• Ubuntu Development Update
          • Ubuntu 11.10: Fast And Friendly

            Ubuntu 11.10, which also goes by the somewhat ridiculous code name of Oneiric Ocelot, is anything but ridiculous if you’re a power desktop user — judging by its early “alpha” version. It has the fastest boot-time we’ve seen on an HDD-based PC, shows snappy performance between applications and just may be the easiest PC operating system in the world to navigate.

            A change under the hood seems to have made all the difference in the world.

            When Ubuntu 11.04 met the world earlier this year, it provided a new “Unity” interface that looked cleaner and friendlier but many complained that it acted clunky and slow at times. Developers of the Linux distro then jumped into action like the pit crew on a NASCAR team; they swapped out the Gnome Desktop Manager (GDM) with a newer, lighter LightDM. From what we’ve seen, what that did was, essentially, remove legacy code with code that was built to be less complex and faster.

  • Devices/Embedded

    • Phones

      • Android

        • Vodafone Smart Android smartphone

          You can argue all you want about the merits of the various mobile operating systems but it’s undoubtedly Android that has put smartphones into the hands of the impecunious masses and in numbers that would have been inconceivable just eighteen months ago.

        • My favourite Android applications

          It’s been a year now that I’ve replaced my old Sony Ericsson with a brand new HTC Desire! I have to admit that I am amazed by this excellent Android mobile phone. 1GHz Snapdragon processor, 576MB RAM, 5 Megapixel camera with 720P video recording and Android 2.2 Froyo along with HTC Sense UI. For those who hear the word Android for the first time I will say that Android is Google’s operating system for mobile devices such as mobile phones and tablets. And of course it is based on Linux!

    • Sub-notebooks/Tablets

      • Android tablets take 30 percent global share, but struggle in enterprise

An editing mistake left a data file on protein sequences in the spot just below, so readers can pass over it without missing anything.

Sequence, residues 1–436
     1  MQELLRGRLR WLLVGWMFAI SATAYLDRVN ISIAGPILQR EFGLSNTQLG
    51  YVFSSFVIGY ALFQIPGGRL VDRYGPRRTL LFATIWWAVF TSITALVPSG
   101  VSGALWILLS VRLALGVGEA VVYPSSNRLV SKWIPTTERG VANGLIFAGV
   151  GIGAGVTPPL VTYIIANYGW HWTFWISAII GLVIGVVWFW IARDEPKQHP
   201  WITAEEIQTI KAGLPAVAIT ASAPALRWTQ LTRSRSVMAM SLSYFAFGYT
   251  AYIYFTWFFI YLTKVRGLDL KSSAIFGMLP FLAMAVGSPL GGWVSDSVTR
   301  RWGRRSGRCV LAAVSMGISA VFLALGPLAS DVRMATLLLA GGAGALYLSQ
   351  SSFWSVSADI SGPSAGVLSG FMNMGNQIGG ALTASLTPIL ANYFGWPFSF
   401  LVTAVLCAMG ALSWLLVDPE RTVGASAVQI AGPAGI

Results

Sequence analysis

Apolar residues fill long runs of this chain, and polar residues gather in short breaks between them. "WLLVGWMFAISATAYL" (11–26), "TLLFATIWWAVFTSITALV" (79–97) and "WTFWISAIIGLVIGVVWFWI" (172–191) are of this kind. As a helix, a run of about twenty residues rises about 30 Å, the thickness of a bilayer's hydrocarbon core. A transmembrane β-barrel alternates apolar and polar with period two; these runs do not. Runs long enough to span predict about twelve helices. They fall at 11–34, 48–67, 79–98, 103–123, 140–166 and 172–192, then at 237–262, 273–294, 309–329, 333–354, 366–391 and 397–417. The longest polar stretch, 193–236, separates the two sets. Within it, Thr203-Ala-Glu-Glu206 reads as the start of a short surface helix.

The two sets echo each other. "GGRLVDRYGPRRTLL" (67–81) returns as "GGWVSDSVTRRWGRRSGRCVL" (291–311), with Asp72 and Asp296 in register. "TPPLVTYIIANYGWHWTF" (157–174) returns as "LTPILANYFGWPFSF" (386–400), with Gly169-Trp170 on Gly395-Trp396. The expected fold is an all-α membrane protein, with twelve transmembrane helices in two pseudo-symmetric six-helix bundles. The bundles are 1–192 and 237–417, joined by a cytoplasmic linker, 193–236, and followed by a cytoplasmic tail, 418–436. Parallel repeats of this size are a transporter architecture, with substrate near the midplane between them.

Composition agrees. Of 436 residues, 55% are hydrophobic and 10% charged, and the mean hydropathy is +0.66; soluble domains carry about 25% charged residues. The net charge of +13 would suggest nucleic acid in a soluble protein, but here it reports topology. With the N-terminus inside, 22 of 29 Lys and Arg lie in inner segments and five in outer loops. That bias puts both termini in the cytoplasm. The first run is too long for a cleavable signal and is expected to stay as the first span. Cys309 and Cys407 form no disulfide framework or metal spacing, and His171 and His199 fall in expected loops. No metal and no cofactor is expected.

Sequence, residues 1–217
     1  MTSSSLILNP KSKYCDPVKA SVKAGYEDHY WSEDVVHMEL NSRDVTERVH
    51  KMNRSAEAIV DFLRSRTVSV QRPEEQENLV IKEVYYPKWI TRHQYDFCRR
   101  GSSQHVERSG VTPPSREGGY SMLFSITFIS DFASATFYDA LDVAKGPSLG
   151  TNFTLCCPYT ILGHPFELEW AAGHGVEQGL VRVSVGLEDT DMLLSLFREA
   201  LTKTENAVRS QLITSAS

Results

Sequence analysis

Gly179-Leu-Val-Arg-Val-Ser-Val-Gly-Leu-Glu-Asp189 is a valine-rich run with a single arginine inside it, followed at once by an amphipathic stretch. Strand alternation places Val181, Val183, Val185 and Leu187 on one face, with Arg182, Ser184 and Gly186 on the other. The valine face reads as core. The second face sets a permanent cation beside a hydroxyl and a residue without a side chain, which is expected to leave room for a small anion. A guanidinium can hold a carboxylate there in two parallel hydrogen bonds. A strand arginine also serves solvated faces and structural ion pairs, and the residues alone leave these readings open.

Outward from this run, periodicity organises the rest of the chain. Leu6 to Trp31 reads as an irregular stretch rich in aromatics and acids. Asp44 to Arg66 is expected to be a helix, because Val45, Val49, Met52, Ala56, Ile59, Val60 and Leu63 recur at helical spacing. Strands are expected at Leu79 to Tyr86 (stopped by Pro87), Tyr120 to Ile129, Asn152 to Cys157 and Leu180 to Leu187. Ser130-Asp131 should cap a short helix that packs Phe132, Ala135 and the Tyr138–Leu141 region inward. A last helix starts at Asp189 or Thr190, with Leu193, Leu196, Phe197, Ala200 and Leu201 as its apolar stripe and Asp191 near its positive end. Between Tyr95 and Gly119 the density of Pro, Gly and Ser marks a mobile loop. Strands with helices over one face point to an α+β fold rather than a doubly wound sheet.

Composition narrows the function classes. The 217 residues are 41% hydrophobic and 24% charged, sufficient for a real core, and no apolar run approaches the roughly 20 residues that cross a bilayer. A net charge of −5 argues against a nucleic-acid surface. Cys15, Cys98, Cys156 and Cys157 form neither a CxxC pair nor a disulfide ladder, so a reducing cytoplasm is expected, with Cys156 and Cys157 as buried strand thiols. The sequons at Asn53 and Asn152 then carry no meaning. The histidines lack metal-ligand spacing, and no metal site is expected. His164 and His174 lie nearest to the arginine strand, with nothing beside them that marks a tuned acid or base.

Android tablets took a 30 percent share of global tablet shipments in the second quarter, compared to 61 percent for Apple, as part of a 331 percent growth in total sales since Q2 2010, says Strategy Analytics. According to a Good Technology study, however, Android tablets still trail the iPad significantly in the enterprise — where Apple represented 95 percent of second-quarter sales.

Free Software/Open Source

  • The future of free software – are we on rocky ground?

    And what if other things become more sexy? Exactly. If a free software project is not seen as innovative, as ‘doing cool things’, it loses momentum. Which, due to the high turnover in free software, quickly leads to a project’s end. This might indeed be the effect of being able to write software for mobile phones which everyone can get their hands on. It is far more cool if you can do that, get your ‘app’ out there, even make a buck.

    The obvious answer to the question you don’t even have to ask is then obvious: yes, to make free software grow, it needs to be more interesting. We need to talk about technology. Not talk down new initiatives, but be excited about them! This is why I applaud GNOME for the work on GNOME Shell. This is why I think what KDE is doing with Plasma Active is awesome. Such projects bring energy, excitement and, most importantly, new contributors! New people in free software!